All of the processes disclosed herein comprise the step of monitoring conditions within the toothbrush, circuit, and/or user's mouth. Monitoring signals may be routed to a comparative or computing device, such as a microprocessor, differential amplifier, and/or A-D converter, to detect electrical changes and convert them into control modifications affecting: (1) the ultrasonic protocol (i.e. voltage, frequency, burst conditions, etc.) which defines the transducer output and (2) the sonic protocol (i.e. motor drive voltage, current, duty cycle, pulse width, etc.) that defines the motor characteristics controlling the sonic brushing characteristics (i.e. bristle tip velocity, acceleration, and/or cavitation within the dental slurry).
Fluid characteristics may also be controlled by modulating the sonic and/or ultrasonic operating protocol(s) (i.e. viscosity, bubble size, bubble density, color, etc.). The amount and location of fluid in the operating environment may be modified by introducing fluid or withdrawing fluid from the operating environment. Fluid present in the operating environment, e.g. the oral cavity, may be withdrawn to a reservoir when it is in excess, and additional fluid may be introduced when the fluid quantity is insufficient or to modify the fluid properties, thereby enhancing the ultrasonic effects.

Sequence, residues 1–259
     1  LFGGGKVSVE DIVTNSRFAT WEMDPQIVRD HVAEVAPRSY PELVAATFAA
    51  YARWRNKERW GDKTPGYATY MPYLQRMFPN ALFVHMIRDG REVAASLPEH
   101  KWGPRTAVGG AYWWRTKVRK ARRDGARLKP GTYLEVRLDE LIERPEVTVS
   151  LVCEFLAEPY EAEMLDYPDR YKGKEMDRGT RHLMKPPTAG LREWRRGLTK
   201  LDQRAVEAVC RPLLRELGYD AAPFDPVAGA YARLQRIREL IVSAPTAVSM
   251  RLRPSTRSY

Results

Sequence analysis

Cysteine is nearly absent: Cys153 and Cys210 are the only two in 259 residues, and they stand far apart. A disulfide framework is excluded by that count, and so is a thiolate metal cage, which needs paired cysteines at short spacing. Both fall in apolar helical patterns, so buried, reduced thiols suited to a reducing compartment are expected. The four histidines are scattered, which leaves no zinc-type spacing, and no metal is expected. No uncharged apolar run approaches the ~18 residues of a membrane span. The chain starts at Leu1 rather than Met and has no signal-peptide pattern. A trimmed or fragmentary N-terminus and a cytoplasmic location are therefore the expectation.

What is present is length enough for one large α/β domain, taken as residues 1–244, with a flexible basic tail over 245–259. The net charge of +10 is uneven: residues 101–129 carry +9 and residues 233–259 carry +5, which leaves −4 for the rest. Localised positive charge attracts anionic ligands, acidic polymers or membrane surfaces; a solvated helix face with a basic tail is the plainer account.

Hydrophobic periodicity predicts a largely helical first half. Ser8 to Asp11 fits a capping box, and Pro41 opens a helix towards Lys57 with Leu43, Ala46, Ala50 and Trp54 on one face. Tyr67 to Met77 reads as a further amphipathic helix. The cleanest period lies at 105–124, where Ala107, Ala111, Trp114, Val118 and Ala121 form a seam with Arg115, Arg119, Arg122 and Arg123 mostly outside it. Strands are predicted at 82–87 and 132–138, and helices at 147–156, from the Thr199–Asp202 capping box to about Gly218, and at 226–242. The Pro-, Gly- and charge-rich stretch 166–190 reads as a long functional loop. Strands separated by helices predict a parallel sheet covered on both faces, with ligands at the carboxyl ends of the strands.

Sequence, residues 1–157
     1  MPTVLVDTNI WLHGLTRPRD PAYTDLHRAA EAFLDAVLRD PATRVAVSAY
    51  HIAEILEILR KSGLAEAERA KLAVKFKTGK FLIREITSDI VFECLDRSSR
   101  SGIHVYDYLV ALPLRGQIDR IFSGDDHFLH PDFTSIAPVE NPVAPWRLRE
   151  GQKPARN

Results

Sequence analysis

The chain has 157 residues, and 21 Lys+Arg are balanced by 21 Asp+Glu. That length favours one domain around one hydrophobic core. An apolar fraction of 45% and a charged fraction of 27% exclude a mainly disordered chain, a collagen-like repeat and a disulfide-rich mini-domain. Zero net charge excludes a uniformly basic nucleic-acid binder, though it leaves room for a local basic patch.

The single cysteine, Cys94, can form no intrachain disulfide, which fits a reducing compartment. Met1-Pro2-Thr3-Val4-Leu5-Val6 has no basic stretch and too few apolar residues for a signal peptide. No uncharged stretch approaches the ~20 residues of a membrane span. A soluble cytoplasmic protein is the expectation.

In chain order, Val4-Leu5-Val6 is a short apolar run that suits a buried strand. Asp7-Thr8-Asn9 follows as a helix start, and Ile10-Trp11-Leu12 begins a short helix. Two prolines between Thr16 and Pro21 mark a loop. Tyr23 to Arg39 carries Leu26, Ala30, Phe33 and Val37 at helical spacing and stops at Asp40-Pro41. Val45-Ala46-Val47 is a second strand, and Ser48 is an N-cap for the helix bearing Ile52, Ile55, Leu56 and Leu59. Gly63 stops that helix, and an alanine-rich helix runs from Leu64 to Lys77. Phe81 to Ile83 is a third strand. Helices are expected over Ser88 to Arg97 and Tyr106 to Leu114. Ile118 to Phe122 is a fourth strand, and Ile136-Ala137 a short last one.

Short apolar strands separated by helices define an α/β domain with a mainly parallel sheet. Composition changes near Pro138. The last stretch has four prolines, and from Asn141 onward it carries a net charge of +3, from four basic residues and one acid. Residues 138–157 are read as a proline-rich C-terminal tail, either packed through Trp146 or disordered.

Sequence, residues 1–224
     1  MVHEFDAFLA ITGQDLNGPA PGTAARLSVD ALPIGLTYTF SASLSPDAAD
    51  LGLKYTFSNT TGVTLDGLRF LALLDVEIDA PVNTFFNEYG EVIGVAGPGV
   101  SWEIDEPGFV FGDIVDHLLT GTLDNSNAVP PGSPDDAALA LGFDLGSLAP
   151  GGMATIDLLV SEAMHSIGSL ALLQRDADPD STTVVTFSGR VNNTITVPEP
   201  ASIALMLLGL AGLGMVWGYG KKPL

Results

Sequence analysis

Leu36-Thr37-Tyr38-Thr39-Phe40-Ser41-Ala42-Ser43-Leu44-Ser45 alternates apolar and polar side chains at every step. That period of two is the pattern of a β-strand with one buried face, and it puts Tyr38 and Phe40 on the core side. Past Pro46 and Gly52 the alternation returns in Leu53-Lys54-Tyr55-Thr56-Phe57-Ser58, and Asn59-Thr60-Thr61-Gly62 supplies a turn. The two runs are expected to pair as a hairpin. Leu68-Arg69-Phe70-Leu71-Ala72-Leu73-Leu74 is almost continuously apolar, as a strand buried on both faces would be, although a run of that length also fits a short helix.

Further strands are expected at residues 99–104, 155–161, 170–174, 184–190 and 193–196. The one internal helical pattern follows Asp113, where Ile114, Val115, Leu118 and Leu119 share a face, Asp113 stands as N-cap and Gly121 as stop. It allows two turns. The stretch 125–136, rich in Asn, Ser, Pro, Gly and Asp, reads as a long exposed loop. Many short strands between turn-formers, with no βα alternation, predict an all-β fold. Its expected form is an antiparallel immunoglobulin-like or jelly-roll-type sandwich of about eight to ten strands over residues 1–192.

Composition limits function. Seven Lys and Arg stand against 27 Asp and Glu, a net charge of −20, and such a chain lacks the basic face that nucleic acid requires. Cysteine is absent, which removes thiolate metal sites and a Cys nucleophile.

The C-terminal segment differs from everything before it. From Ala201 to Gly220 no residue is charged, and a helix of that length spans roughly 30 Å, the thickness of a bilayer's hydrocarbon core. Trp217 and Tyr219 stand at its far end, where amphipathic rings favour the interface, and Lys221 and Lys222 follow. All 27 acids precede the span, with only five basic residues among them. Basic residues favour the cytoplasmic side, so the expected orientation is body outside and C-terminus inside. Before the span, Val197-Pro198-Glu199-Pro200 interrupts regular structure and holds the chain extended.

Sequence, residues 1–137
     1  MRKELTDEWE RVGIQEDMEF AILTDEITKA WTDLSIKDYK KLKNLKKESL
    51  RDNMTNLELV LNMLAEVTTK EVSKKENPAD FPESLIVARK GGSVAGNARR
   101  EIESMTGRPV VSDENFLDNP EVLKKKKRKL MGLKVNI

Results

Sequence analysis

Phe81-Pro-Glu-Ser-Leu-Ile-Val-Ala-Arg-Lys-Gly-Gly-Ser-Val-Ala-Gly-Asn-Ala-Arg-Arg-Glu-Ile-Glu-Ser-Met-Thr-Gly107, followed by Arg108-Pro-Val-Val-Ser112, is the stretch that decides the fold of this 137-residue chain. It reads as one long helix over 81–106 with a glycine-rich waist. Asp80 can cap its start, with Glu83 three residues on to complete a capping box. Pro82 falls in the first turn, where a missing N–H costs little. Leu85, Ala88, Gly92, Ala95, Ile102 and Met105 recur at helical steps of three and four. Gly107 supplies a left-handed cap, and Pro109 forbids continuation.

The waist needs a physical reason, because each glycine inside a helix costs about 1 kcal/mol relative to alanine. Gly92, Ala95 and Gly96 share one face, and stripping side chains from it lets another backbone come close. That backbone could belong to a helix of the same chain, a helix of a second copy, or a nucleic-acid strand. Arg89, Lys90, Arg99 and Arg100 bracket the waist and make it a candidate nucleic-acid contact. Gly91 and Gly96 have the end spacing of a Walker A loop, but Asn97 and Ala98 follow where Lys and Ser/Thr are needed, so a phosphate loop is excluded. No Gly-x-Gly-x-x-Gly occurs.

In those embodiments of the present invention wherein the toothbrush head is equipped with a mechanism to dispense a powder or some other material that alters the bubble forming properties of the dental fluid, the feedback and controls previously disclosed may be employed as well. For example, dispensing baking soda will modify the pH of the dental fluid, dispensing other additives can reduce surface tension and reduce excessive bubbling effects of the surfactants commonly found in toothpaste.
The control and/or dispensing of a topical fluid or powder, when combined with the ultrasound, enhances cleaning, stain removal, and whitening, and changes the properties of the dental fluid to result in improved in dental cleaning and general oral health (i.e. reduced gingivitis, toughened gums, reduced carries, plaque, bad breath, dry mouth, etc.).
The toothbrush sensor and controls described above may be employed in order to control the angular position of a stepper motor (potentially 360 degree rotation). The motor, once in a new position, will resume its oscillating brushing motion. This type of control of toothbrush head movement allows the toothbrush head to move to a position in which it senses the interface of soft and hard tissue (gums and teeth). When air is detected, the toothbrush head position is redirected to a position where the tooth gum interface is again present. Such an embodiment reduces user control of the toothbrush head such that the toothbrush head automatically tracks to the optimal brushing position.